Jon's email coincided with an article in the Observer by former New Musical Express journalist and Frankie Goes to Hollywood promoter Paul Morley called 'Pop belongs to the last century. Classical music is more relevant to the future'. In it Morley argues 'Now, with all music available instantly, and pop more a nostalgic, preservative practice rather than one anticipating and demanding change, classical music comes to fresh, forward-looking life'. According to one of the comments, Morley was paid by either the BBC or Channel 4 to do a course in classical composition at the Royal Academy of Music so that he could make a documentary series about classical music. Morley also states, with some justification: 'It is machines that are now the new pop stars, the performers and singers like traveling sales workers whose ultimate job is to market phones, tablets, consoles, films, brands and safely maintain the illusion that the world is just as it was when there was vinyl and the constant, frantic turnover of talent, genre and style'. I've always found Morley more than a bit of a tosser, especially his book Words and Music: the history of pop in the shape of a city, in which he keeps switching irritatingly between Alvin Lucier's 'I am sitting in a room' and Kylie Minogue's 'Can't Get You Out of My Head'. With all the zeal of a recent convert, Morley cites six works of future significance, all of them over fifty years old: Mozart's Masonic Funeral Music in C Minor (1785), Debussy's Sonata for Cello and Piano in D minor (1915), Berio's Sequenza V (1966), Shostakovich's Symphony No 10 (c1953), Webern's Langsamer Satz (1905), and Earle Brown's Times Five (1963). Of this last work, he states: 'For those looking for the missing link between Mozart and Madlib, it's abstract (classical) music for a phantom, post-real space age that is yet to happen, but seems scheduled to happen soon, and where most pop and rock will seem very dull and dated'. A very conservative range of choices, to say the least. And musical genres seem increasingly irrelevant to music of the 21st century. But one thing I do agree with is a welcome return to the sound of musical instruments rather than electronic knob-twiddling and auto-tune.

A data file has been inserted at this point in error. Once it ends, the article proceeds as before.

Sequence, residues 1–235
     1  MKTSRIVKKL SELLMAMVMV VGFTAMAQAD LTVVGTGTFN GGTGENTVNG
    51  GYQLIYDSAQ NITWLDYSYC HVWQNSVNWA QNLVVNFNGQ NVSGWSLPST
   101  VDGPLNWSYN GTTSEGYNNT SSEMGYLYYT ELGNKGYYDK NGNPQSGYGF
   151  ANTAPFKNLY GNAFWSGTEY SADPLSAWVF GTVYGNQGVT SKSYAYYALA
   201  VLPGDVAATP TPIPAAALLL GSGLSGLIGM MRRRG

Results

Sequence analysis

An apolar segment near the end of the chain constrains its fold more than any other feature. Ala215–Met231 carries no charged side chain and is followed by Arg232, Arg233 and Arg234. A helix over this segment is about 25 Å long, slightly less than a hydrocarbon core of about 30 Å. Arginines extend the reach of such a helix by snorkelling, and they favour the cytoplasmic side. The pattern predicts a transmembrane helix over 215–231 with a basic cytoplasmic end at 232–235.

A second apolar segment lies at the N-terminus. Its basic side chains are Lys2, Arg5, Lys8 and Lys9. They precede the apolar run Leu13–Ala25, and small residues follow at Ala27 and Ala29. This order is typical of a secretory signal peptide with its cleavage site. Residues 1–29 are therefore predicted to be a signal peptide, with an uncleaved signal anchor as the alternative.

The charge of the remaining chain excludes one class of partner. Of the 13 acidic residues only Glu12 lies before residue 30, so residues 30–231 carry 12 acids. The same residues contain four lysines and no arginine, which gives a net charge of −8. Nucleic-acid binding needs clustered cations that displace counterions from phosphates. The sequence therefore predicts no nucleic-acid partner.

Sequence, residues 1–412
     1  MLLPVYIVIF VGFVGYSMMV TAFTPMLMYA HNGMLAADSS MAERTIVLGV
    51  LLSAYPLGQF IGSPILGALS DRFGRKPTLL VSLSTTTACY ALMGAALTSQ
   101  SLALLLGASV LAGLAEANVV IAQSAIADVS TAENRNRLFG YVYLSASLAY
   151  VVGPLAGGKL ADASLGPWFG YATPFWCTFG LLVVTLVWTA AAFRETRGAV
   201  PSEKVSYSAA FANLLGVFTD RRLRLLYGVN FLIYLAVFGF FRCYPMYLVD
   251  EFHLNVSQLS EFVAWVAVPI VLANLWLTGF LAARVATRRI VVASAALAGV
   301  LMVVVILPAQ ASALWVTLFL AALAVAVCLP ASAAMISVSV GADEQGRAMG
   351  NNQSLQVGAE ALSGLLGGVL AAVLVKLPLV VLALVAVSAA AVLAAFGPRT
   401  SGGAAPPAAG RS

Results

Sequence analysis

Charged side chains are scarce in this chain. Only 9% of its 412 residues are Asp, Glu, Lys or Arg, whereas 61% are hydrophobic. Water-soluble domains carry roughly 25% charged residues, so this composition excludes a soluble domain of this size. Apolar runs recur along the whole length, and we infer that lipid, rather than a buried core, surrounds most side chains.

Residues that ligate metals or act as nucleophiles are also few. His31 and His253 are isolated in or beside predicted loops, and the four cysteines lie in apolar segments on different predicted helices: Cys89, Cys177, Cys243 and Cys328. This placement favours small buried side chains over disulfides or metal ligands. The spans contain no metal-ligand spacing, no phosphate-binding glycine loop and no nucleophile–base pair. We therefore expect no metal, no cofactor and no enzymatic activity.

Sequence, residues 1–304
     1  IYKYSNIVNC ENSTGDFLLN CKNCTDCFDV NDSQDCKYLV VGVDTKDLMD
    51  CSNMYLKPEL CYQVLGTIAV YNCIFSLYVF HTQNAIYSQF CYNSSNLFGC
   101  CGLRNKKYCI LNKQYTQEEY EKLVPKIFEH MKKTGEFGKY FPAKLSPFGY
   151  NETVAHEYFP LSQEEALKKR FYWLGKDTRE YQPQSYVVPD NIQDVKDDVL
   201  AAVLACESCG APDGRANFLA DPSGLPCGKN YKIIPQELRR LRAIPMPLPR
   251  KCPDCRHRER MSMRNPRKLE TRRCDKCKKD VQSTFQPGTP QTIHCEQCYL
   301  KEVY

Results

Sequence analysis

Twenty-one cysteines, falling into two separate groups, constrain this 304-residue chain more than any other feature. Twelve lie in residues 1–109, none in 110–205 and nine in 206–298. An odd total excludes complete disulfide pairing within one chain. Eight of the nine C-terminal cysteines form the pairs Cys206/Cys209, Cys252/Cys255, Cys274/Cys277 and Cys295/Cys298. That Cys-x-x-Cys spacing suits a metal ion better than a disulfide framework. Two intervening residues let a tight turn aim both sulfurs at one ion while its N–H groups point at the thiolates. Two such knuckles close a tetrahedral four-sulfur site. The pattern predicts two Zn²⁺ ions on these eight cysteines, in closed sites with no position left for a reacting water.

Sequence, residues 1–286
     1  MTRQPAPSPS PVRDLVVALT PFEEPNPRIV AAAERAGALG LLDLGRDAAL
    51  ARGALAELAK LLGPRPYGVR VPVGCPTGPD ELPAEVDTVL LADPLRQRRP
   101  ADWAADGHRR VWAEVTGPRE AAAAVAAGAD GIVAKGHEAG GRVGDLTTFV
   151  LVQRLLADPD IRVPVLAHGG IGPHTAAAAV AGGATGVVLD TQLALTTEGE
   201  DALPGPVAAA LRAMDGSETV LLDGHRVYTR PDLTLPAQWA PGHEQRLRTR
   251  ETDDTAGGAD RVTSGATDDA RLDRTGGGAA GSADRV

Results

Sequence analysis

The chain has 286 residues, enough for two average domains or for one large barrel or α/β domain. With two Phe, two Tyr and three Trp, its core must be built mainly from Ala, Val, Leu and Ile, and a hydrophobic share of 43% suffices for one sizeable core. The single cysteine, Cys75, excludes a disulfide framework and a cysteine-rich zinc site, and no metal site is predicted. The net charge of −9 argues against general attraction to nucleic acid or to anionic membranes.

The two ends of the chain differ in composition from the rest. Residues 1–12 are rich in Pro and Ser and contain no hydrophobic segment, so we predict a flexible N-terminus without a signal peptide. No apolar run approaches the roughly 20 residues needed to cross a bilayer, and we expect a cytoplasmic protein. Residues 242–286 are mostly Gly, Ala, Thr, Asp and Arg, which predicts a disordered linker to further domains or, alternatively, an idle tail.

Give me a bit of time, Jon, will think about it, actually - do it all the time, most difficult question.